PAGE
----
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We came prepared with some whistles, tops, and balls to give away to kids we met. This little guy loved his new toy.

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This cute woman ran up and insisted on giving Kara a hug and taking a picture with her. This was the most authentic market I’ve been to thus far, and my second favorite only to the one in Luang Prebang, Laos.

After the market we were taken to see some historic buildings, including this temple known for it’s intricate wood carvings.

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I don’t remember the story behind the creepy guy hanging on the wall.

We spent a lot of time walking, horse carting, and motor biking around the area marveling at the several thousand pagodas.

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We painstakingly captured some magical sunrises and sunsets.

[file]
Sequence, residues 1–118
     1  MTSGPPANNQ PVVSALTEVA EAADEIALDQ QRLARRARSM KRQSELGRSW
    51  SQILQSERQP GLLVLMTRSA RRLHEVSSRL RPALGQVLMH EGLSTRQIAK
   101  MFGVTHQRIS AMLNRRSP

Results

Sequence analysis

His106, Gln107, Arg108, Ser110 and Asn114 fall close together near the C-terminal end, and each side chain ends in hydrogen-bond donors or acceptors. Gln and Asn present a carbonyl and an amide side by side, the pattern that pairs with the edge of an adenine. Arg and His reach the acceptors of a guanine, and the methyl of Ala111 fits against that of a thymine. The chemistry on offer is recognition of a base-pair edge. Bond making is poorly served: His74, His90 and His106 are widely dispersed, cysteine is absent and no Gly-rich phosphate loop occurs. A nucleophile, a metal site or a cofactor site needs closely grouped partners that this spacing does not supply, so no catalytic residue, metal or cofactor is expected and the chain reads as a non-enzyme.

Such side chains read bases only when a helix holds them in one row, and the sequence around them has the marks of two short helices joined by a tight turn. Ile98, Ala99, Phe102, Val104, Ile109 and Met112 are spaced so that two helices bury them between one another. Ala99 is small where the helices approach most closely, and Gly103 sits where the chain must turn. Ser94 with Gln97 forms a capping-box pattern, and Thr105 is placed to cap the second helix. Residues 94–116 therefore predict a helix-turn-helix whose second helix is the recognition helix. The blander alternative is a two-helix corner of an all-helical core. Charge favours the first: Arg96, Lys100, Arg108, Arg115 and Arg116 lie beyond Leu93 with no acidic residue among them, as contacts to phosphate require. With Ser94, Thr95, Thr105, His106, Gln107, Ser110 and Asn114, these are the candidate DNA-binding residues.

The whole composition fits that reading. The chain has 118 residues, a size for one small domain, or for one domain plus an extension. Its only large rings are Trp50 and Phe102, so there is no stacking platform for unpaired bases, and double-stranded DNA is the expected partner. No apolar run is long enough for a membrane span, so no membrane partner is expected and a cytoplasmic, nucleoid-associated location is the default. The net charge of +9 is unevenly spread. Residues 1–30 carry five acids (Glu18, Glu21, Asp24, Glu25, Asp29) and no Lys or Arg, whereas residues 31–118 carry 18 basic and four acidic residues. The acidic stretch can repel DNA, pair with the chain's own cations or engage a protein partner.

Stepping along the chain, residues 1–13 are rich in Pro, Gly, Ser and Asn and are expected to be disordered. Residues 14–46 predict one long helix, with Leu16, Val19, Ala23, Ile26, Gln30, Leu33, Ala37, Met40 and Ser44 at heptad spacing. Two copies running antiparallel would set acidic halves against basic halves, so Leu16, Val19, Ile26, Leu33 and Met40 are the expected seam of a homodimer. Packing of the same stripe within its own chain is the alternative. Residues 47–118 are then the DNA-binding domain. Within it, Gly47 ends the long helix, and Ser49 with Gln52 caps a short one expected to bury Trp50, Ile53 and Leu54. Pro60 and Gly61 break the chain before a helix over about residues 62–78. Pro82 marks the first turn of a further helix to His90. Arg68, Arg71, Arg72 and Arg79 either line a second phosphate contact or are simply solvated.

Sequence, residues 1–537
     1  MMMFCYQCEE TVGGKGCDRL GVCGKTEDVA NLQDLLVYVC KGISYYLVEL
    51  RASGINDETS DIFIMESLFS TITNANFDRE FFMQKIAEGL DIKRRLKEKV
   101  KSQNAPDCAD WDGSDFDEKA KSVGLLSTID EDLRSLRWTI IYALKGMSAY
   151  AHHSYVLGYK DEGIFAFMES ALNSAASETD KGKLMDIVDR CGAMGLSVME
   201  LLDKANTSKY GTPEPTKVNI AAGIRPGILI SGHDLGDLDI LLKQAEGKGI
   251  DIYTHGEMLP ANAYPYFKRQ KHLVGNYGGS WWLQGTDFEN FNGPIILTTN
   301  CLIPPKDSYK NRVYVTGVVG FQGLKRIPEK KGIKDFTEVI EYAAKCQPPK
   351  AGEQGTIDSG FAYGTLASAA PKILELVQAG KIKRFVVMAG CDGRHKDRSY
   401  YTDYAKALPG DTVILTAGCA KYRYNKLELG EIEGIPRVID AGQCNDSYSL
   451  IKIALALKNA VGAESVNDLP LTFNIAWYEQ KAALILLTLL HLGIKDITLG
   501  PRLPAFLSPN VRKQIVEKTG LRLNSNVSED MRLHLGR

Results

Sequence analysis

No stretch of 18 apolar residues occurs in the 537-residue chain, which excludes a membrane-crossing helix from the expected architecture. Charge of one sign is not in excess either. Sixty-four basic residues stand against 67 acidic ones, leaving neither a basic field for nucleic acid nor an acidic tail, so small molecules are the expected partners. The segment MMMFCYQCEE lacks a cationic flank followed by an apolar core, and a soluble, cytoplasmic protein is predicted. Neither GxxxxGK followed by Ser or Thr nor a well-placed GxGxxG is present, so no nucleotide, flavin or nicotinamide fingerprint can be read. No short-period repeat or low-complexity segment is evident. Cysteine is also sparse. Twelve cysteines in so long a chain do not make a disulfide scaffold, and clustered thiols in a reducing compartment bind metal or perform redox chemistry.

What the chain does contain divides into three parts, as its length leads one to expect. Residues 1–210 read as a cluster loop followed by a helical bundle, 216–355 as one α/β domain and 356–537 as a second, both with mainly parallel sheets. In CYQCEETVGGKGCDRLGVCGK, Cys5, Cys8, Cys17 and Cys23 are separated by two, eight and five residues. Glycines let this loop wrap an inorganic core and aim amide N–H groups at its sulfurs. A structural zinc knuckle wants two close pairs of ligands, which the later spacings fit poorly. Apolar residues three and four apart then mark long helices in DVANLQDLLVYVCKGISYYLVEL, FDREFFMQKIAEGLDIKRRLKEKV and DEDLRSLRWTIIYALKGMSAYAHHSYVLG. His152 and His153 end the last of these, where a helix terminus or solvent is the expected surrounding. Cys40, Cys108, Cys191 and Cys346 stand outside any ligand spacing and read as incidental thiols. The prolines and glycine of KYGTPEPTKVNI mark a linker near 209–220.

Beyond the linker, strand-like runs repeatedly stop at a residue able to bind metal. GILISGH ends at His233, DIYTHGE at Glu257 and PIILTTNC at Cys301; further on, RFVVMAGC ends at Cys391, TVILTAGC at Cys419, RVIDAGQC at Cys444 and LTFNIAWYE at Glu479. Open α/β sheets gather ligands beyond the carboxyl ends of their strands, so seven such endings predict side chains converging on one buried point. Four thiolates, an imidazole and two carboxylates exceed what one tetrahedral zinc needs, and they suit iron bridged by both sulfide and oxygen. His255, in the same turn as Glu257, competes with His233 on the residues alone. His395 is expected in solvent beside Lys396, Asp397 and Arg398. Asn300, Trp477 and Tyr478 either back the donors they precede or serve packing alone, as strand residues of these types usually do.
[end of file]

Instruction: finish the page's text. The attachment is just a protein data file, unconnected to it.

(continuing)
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We rode motorbikes around the area and had some delicious local cuisine.

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Burmese food is a little less visually appealing than Thai, but it tasted very good. I especially recommend the quail eggs in brown sauce.

At one point we narrowly escaped a stampeding herd.

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The family in the cart bringing up the rear generously and completely unsolicited gave my dad some fresh mango, which we promptly devoured.

We took a day trip to Mount Popa, a peculiar mountain topped by a Buddhist monastery. On the way we stopped to eat lunch and gape at the geological marvel.

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How anyone could possibly build a monastery up there is beyond me. To reach the monastery, we had to climb the 777 steps and dodge, duck, dip, dive and dodge the locals.